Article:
For the first time in 18 years, the Arizona Republic endorsed a Democratic candidate for election to the U.S. Senate. In an op-ed published on Monday, the Grand Canyon State’s largest newspaper endorsed U.S. Rep. Kyrsten Sinema over her Republican challenger, Martha McSally. The decision marks a stark departure for the historically-conservative publication.
Sinema and McSally, both current members of the House of Representatives, are locked in a right race to fill the seat being vacated by Republican Sen. Jeff Flake, who has decided not to run for re-election. In a op-ed, The Republic makes supporting arguments for both candidates, but ultimately sides with Sinema.
Fear not conservatives, the paper concludes that Sinema is not exactly the radical leftist she has been portrayed as by McSally in debates and campaigns. In fact, she is quite the centrist — or Rockefeller Republican — hence why The Republic endorsed her over her competitor.
The Republic writes that both McSally and Sinema are “accomplished women with moxie and class” with few “stark, black-and-white differences” between the two. In fact, if you compare their voting records, you will find that the two legislators agreed on 522 votes out of 1,043 votes in the 115th Congress. Still, the newspaper finds Sinema to be less of the “tutu-wearing leftist” many Arizonans fear and rather more bipartisan in an age of “hyper-partisanship.”
“More than 60 percent of the bills she co-sponsored this session were introduced by Republicans,” the newspaper writes. “Sinema sides with Trump’s agenda 62 percent of the time . . . less so on social issues than on the economy and defense.”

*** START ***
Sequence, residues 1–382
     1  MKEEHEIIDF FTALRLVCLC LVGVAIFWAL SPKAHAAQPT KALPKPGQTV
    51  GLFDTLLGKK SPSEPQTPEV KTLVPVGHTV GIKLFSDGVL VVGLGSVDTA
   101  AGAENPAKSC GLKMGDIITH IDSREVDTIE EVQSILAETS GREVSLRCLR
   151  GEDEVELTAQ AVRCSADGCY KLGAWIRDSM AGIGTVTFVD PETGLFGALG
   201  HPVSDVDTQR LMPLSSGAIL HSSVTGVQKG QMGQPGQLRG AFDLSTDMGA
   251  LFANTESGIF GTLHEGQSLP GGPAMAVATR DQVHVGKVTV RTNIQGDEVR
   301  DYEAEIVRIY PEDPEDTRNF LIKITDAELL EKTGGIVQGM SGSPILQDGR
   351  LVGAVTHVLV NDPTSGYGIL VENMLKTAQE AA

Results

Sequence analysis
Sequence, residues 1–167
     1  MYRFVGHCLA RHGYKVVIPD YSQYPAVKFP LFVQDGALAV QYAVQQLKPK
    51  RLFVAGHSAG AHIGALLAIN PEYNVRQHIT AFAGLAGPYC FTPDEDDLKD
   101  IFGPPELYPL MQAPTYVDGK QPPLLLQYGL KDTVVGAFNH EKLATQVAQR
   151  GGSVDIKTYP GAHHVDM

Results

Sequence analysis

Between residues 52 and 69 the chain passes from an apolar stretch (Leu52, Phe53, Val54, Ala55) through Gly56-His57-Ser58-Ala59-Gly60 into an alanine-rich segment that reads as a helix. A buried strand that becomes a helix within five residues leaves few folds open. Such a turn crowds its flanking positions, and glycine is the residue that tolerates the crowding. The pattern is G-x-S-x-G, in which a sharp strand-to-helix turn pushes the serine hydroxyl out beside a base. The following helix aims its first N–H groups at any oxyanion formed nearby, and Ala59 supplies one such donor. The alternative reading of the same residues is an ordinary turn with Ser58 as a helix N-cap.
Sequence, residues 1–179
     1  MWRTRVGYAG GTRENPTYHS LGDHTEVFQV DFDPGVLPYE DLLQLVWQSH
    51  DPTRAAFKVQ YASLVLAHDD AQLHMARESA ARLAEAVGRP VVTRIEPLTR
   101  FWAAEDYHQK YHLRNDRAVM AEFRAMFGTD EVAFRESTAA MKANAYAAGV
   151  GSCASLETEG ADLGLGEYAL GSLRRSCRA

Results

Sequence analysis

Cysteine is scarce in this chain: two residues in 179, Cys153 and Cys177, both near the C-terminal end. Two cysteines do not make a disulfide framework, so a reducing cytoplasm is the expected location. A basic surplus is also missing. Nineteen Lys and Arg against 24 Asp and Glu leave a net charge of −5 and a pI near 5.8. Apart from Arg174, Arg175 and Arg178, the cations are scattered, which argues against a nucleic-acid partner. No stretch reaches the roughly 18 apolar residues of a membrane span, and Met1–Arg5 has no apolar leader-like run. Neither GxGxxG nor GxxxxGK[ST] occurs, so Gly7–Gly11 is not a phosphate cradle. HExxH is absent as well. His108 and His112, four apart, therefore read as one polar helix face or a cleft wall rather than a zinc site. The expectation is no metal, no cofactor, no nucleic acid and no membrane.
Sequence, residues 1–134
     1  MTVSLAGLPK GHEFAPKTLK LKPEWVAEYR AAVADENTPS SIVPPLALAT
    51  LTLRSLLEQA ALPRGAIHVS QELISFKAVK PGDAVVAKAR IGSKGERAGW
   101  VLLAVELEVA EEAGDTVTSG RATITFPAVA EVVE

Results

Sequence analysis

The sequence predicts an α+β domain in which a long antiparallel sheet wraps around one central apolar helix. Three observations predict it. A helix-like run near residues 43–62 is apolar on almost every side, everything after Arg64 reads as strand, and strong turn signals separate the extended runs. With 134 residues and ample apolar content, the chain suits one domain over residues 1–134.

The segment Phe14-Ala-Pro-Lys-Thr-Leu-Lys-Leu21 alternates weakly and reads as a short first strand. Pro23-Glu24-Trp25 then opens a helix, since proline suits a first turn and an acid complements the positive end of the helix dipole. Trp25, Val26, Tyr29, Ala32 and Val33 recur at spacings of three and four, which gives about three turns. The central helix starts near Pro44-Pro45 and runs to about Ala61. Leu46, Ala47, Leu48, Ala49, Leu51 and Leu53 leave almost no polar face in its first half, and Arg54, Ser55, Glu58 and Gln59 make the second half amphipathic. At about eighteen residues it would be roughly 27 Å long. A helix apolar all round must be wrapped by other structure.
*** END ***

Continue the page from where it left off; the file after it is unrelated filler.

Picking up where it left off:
In the midst of midterm elections, Sinema was one of just three Democrats to vote in favor of a Republican-led tax cut bill three weeks ago. What about McSally? The Republic finds her confused in her beliefs and indecisive on plans of action, specifically citing her approach to repealing Obamacare last August.
“She voted for repeal,” the newspaper writes, “but when that effort failed, she joined a bipartisan group that offered solutions to shore up the program — and noted in an op-ed that you fight the battle you’re in, not the one you wish you had.”
The Republic believes McSally is only willing to talk bipartisanship and not actively practice it like Sinema. They conclude that Sinema is the candidate who can solve problems — not wage them — and “lead with an arm extended to the other side and a promise to work together.”
In 2016, the paper endorsed Hillary Clinton’s bid for U.S. president — the first time in its century-spanning history where a Democrat was backed for the executive branch. They cited Trump’s lack of qualifications and flawed characteristics as the reasoning for their decision. With Sinema, The Republic once again moves in a left direction, but more in the name of bipartisanship and to accomplish change in, what they call, a malicious and toxic Washington.
McSally currently leads Sinema by less than one full point in the latest Real Clear Politics poll average of Arizona – a statistical tie.